Identity Crisis | Book Review: Declaring His Genius

Book Review: Declaring His Genius, Oscar Wilde In North America, by Roy Morris, Jr.

morris-coverBY JOHN COOPER

Those of us, like Mrs Cheveley, who are fond of calling things by their proper name, would struggle to categorize Declaring His Genius, by Roy Morris, Jr.

Let us start with what it is not. It is not profound enough to be a serious biography of an American Wilde—and, to be fair, it might never have been published if it were. Besides, one would not expect such an approach of a book that asserts that ‘Wilde may well have been a genius—at self promotion, if nothing else’ [my emphasis], which makes one wonder whether the author is convinced enough of Wilde as a thinker or writer to produce a critical study.

But neither is the book what it purports to be, which is an account of Wilde’s time in America—at least not exclusively. This is because the Wilde story Morris gives us is full of holes. By this I am not referring to the wealth of factual errors throughout the text which need only be problematic for the Wilde historian. As such there is no need to dwell on them here, beyond noting that the Introduction signals this disregard for integrity by adhering to remarks that sound ‘like something Wilde would have said’, explaining that the book ‘depends to a certain extent on anecdote, word of mouth, and local legend.’

[See web site for list of scholarly errata]

No, by holes I mean the opportunistic detours the book takes from a rounded theme of Wilde’s American tour which Morris fills with square pegs. The result is a flawed schema that places its protagonist amid an anthology of sometimes tangential, but often downright irrelevant, populist history.

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Oscar Wilde on Irish Poets

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Oscar Wilde’s lecture in San Francisco on Irish Poets

On this day in 1882 [1] at Platt’s Hall, Oscar Wilde delivered the ninth of ten consecutive lectures in California, and his fourth and last in San Francisco.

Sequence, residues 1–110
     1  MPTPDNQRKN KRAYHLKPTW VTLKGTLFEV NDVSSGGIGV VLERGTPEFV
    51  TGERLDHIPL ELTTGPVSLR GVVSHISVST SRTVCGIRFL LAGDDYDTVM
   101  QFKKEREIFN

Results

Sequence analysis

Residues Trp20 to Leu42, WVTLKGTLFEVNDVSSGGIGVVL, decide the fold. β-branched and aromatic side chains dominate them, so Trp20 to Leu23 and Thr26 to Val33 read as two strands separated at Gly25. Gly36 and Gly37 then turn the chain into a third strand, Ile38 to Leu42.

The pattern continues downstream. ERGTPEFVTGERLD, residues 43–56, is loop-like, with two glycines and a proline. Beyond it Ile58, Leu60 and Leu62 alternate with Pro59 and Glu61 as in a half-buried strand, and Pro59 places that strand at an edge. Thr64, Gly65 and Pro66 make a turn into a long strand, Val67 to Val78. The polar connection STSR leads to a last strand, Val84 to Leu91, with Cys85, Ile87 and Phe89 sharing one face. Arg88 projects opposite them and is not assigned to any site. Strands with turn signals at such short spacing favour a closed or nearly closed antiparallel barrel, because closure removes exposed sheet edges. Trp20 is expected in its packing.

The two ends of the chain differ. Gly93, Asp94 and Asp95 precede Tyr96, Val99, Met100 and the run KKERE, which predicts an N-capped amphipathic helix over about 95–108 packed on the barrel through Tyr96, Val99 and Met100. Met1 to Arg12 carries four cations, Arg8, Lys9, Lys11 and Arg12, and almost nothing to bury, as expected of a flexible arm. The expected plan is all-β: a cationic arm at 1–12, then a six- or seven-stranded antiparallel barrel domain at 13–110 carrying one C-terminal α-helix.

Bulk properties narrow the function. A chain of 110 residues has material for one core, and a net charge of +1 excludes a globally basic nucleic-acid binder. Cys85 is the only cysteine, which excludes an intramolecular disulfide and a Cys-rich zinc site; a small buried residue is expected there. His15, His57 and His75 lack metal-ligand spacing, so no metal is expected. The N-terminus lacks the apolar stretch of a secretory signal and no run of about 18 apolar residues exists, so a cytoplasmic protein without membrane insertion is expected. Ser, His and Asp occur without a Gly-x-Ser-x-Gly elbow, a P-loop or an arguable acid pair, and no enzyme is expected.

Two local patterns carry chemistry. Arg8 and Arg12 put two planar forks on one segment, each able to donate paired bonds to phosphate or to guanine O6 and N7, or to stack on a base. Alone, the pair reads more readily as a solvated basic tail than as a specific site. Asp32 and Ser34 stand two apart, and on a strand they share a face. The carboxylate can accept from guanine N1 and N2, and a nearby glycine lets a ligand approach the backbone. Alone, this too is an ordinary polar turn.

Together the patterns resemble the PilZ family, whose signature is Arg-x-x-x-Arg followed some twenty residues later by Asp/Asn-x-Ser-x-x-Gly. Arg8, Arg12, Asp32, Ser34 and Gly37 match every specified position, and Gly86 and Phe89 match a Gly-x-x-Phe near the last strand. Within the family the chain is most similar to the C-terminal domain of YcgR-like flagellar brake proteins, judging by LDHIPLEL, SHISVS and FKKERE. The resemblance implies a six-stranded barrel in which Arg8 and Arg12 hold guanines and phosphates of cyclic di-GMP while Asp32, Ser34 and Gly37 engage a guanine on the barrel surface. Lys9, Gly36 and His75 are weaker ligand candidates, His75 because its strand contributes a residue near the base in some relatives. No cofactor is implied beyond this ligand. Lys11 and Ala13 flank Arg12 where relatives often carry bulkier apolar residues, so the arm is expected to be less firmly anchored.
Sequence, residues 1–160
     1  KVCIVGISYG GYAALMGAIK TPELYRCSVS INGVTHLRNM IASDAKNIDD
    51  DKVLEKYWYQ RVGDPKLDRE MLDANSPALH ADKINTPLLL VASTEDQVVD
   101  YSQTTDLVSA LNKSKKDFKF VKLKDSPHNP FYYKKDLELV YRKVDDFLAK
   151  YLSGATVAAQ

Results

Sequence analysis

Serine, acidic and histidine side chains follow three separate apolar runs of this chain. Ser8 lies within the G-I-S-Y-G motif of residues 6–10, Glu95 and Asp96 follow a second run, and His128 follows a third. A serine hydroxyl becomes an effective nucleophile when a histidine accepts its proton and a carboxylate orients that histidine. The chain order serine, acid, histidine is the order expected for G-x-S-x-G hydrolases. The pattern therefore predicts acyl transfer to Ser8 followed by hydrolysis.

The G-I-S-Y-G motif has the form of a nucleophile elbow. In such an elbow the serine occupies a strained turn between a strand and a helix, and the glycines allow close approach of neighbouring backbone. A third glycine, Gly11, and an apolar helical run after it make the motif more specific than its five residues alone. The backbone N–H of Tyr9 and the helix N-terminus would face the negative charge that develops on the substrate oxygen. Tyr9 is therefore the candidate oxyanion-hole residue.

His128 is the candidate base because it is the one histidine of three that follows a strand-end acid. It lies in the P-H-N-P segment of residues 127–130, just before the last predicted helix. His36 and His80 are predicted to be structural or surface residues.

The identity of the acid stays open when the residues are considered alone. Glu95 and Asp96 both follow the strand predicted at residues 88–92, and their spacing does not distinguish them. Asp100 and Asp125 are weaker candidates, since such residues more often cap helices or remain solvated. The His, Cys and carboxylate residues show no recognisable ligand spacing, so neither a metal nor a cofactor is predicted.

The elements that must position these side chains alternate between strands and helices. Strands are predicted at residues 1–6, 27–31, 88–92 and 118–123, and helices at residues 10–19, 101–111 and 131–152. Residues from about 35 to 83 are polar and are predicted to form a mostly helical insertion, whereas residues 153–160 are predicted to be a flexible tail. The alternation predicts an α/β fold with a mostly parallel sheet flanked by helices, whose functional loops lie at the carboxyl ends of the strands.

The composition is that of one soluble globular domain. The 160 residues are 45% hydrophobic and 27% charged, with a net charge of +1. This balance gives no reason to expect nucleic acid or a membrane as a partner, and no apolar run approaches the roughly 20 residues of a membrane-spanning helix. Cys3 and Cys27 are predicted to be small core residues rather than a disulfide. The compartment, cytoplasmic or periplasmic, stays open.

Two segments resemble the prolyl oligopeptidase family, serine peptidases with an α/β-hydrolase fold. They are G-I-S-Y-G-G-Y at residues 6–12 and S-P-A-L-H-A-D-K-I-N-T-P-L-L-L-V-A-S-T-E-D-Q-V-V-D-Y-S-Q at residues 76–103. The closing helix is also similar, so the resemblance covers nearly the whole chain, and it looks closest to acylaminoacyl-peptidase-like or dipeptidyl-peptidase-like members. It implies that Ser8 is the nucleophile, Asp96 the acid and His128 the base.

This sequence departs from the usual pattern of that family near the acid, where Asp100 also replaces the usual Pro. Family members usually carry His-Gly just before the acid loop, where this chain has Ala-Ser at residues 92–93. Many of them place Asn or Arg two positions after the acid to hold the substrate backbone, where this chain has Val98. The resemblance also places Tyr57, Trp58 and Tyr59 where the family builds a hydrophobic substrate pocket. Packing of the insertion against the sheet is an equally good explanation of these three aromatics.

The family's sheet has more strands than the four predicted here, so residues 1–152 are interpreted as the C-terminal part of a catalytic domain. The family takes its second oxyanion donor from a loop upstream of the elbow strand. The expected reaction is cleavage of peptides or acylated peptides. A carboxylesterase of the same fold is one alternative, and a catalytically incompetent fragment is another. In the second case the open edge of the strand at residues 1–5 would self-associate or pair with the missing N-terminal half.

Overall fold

As San Francisco was the only city in America where Wilde lectured four times, he needed an additional lecture to add to the three he was already giving, which were: The English Renaissance, its evolutionary successor The Decorative Arts, and his usual alternative The House Beautiful.

[See Lecture Titles for the development of Wilde’s lecture topics].

Wilde chose as his subject Irish Poets and Poetry of the Nineteenth Century (referred to in some texts as The Irish Poets of ’48), an idea he had hinted at on St.Patrick’s Day in St.Paul, where he made a rare expression of Irish nationalist sentiment.

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Conspicuous (Even By His Absence)

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Oscar Wilde could be found almost everywhere in 1882

The phenomenon of Wilde’s US ubiquity has been well-documented, most recently in David Friedman’s Wilde in America (2014) which portrays Wilde as being so intent upon fame that he had a strategy for achieving it—a view with much validity.

Whatever Wilde’s personal strategy was, however, he was compounded in the effort by other factors: his own tour publicity, the popularity of Gilbert and Sullivan’s Patience and its burlesques, and a general curiosity of the people to see him. As a result, one might wonder whether it is possible to be too well known.

Take the world of advertising.

Wilde was such a cultural phenomenon during his American tour that his name was used by advertisers to generate media exposure for products with which he had no connection.

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